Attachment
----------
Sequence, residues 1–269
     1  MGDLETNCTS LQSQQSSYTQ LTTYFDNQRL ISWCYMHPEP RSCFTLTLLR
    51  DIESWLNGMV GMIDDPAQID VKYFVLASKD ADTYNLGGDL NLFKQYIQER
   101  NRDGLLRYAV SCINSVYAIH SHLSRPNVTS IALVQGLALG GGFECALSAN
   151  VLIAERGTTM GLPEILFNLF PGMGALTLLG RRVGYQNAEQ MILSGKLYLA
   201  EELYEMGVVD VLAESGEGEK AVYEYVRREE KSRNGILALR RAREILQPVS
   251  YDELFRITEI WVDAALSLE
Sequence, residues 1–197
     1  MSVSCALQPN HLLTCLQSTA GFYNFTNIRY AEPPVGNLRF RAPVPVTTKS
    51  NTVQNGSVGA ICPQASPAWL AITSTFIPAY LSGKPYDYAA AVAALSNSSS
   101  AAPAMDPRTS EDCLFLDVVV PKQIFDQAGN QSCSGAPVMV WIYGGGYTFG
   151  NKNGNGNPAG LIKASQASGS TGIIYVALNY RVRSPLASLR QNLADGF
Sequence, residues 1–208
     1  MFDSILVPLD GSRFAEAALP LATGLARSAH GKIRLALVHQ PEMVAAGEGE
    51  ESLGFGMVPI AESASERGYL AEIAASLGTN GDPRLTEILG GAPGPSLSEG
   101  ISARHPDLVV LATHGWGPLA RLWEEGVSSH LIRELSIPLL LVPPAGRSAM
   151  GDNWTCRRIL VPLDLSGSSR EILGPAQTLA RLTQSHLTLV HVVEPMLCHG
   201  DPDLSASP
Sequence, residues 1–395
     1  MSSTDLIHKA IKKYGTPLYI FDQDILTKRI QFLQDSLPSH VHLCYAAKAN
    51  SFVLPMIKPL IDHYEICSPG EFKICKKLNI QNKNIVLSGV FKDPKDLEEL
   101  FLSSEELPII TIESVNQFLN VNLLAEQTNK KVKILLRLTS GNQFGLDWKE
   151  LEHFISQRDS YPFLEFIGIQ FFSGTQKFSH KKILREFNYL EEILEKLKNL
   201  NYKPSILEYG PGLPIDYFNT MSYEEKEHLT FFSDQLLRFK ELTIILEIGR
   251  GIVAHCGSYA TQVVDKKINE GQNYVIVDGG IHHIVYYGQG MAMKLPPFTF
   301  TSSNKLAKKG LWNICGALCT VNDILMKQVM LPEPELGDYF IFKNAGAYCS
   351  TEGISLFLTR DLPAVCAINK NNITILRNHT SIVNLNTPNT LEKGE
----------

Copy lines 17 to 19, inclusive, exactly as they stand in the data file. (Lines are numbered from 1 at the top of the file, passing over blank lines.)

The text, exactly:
   151  GDNWTCRRIL VPLDLSGSSR EILGPAQTLA RLTQSHLTLV HVVEPMLCHG
   201  DPDLSASP
Sequence, residues 1–395